Title: The Ramblers
Author: Aidan Donnelley Rowley
Publication Date: 2/9/16
How I Found It: TLC Book Tours
Date Completed: 2/10/16
Summary: Three New Yorkers struggle to find their place in the city, their friendships, their families, their futures.
What I Thought: Sometimes I really do not enjoy contemporary fiction. Sometimes it feels like writing without a purpose, just a story that needed to get out of a writer's head but had nowhere to go and nothing of substance to say. Then, sometimes, there are contemporary works of fiction that feel crafted with love and emotion and the struggles of an author's own life. They feel important; if not in a grand literary sense, then in a deeply personal sense, as though the author has bared a portion of his or her soul on the page. For me, The Ramblers thankfully fell in the latter category.
The three central characters, who are passed in and out plot focus, are each nicely broken, thoroughly imperfect. Particularly in literary fiction, I want to see characters who feel real. They are, after all, the driving point of these stories. The plot itself, as with many books in this genre, does not accomplish a whole lot. Instead, the story is about the characters, their development and desires. Each is working through an identity crisis of some sort and spends the book trying to work through the emotional and practical ramifications of that.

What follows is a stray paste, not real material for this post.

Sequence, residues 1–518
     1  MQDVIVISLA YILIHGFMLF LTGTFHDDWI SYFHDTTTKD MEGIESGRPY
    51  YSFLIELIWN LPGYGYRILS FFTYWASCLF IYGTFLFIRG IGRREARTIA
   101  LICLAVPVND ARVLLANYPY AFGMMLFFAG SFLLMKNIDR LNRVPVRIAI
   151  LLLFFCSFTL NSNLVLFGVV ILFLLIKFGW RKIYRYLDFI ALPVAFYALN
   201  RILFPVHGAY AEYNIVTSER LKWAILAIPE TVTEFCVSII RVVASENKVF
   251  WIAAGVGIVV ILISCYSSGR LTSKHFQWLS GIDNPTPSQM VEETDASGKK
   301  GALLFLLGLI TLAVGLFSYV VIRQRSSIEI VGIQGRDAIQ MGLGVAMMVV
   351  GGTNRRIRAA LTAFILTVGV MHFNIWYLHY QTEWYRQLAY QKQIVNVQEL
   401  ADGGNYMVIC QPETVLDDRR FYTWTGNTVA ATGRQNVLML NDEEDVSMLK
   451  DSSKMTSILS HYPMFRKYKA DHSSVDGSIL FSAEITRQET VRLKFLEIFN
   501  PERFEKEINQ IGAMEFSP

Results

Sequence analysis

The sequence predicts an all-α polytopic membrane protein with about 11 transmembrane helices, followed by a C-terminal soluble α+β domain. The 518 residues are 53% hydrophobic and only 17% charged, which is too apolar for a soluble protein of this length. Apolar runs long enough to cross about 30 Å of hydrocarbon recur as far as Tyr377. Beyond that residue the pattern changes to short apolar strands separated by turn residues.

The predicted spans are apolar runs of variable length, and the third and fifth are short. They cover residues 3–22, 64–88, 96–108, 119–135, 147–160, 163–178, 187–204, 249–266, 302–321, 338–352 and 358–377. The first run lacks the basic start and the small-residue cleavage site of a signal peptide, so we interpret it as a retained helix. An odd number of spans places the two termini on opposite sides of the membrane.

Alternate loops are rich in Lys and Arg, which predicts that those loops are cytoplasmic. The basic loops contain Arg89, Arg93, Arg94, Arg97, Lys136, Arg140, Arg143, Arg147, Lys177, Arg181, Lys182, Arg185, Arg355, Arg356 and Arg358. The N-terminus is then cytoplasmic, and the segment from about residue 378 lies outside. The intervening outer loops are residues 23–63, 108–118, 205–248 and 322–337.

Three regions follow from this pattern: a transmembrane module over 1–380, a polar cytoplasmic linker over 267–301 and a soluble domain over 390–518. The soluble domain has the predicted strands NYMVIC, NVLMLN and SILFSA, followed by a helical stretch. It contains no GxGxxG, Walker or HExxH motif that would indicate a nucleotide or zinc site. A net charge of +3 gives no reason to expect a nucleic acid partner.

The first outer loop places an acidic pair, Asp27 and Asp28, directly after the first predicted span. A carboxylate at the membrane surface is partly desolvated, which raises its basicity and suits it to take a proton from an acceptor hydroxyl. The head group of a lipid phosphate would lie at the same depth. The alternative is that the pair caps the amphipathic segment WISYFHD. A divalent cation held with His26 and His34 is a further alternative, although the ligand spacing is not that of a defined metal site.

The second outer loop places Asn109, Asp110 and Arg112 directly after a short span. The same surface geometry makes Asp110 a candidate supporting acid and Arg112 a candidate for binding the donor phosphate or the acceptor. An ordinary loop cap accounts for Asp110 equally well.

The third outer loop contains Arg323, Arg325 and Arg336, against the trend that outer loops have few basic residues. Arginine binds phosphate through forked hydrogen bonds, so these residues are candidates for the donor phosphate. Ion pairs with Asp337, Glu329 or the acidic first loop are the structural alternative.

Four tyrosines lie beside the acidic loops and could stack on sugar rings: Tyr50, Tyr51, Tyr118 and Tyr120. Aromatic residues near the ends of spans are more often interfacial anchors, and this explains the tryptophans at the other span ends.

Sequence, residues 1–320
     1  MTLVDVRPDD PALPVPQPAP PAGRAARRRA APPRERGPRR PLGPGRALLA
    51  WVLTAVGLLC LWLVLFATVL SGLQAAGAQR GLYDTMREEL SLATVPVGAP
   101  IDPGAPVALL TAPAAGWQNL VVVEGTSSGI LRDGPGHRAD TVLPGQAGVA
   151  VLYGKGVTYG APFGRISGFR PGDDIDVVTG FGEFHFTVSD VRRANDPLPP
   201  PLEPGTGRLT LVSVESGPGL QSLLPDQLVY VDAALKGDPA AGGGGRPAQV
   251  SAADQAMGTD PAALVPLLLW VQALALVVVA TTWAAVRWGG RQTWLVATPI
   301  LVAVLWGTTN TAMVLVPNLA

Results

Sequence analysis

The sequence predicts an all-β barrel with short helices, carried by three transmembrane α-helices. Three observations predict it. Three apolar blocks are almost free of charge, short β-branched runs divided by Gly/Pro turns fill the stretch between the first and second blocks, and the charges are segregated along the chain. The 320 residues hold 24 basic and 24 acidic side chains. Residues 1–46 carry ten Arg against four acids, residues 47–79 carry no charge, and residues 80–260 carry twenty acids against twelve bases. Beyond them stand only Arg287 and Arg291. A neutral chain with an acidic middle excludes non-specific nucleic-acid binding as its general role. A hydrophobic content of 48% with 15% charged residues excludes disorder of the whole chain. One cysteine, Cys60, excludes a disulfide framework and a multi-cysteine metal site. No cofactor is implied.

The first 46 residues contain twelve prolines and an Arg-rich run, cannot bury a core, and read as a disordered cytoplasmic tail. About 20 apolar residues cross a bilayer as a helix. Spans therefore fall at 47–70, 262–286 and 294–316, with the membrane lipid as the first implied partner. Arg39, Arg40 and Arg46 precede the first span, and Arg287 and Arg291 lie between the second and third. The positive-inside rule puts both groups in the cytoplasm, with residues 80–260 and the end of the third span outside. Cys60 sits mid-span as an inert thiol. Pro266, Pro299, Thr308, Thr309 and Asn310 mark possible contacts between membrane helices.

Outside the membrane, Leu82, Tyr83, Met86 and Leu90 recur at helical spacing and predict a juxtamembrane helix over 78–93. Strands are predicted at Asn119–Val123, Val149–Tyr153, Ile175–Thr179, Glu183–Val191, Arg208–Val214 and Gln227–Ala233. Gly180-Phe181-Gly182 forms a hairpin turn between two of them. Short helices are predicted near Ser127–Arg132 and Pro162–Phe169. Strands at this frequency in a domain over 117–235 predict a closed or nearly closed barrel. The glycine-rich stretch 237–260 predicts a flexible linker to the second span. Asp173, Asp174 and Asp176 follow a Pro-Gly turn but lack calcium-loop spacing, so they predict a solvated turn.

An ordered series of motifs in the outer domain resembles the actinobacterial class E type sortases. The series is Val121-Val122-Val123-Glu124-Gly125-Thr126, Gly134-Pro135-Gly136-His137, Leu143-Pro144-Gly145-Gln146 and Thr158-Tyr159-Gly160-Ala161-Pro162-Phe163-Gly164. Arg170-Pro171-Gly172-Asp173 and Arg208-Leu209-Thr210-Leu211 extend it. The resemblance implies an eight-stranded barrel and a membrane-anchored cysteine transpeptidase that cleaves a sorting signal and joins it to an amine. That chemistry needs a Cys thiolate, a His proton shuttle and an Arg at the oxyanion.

|Aidan Donnelley Rowley|
The word which most immediately comes to mind reflecting on this book is genuine. It feels, as I said, as though Rowley has laid a piece of herself on the page for our perusal. It feels intimate and honest. The characters, despite their obvious priviledge and wealth, are still humans, dealing with deep issues and fears. I enjoyed the book, more than I anticipated I would. It was not life changing or anything, but it was a thoughtful read, something I always enjoy.
*To read other bloggers' thoughts on The Ramblers, check out the full tour schedule.*
Will I Re-Read: Maybe
A Reduced Review: This work of literary fiction feels genuine and intimate in its focus on characters who are delightfully, heart-breakingly broken.